In 1982 Kraftwerk began to work on a new album that initially had the working title Technicolor but due to trademark issues the group decided to change the proposed name to Techno Pop. One of the songs from these recording sessions was “Tour de France,” which EMI released as a single in 1983. This song was a reflection of the band's new found obsession for cycling. After the physically demanding "Computer World" tour, Ralf Hütter had been looking for forms of exercises that fit in with the image of Kraftwerk, subsequently he encouraged the group to become vegetarians and taking up cycling. “Tour de France” included sounds that followed this theme including bicycle chains, gear mechanisms and the breathing of the cyclist.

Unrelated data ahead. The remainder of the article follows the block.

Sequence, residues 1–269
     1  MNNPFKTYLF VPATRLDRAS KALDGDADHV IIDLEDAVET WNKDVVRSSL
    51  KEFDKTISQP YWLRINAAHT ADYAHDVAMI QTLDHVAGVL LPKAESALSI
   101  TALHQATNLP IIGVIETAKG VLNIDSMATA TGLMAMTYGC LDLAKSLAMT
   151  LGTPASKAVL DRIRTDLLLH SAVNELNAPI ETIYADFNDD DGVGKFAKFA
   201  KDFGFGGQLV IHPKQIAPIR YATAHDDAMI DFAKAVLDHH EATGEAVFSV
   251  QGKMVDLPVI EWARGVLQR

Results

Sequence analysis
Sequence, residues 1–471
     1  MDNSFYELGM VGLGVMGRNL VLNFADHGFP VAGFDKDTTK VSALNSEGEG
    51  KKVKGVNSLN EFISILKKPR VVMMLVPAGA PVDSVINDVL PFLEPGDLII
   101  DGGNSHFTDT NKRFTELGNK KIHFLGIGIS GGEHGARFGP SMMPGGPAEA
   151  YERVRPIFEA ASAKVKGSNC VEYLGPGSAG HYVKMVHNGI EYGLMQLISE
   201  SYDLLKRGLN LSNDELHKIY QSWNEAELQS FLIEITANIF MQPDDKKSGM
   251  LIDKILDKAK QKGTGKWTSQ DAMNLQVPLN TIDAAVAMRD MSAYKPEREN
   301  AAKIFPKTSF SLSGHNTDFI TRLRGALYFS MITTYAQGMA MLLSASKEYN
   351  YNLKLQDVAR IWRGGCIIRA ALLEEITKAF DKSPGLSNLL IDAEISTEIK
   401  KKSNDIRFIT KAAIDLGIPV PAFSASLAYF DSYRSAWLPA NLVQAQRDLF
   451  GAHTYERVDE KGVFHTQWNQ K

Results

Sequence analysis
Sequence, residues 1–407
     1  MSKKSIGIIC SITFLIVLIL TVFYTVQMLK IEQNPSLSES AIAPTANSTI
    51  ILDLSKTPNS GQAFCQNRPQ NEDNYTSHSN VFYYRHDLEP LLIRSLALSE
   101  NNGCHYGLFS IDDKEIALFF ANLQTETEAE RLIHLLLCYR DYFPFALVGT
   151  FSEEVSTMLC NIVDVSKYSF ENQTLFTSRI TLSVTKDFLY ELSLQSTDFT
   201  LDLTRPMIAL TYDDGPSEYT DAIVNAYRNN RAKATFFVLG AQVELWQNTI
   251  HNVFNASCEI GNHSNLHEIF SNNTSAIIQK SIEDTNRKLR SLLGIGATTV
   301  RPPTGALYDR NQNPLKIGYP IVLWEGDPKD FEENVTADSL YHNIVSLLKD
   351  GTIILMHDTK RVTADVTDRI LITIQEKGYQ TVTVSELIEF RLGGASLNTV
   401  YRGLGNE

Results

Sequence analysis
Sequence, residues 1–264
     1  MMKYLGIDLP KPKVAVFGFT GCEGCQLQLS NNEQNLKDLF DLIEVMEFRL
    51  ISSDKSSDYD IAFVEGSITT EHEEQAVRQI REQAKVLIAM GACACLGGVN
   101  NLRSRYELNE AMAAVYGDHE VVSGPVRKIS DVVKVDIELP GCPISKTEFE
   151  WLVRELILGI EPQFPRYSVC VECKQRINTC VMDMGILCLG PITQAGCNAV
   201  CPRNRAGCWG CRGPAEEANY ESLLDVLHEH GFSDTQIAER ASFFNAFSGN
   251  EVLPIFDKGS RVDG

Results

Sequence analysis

During the recording of "Tour de France" Ralf Hütter was involved in a serious cycling accident. He suffered head injuries and was left in a coma for a few days. During 1983 Wolfgang Flür was beginning to spend less time in the studio. Since the band began using sequencers his role as a drummer was becoming less frequent. He preferred to spend his time travelling with his girlfriend. Flür was also experiencing artistic difficulties with the band. After his final work on the 1986 album “Electric Café” he hardly returned to the Kling Klang Studio. Wolfgang Flür left the band in 1987 and was replaced by Fritz Hilpert.

In August 2003 the band released “Tour de France Soundtracks,” its first album of new material since 1986's “Electric Café.”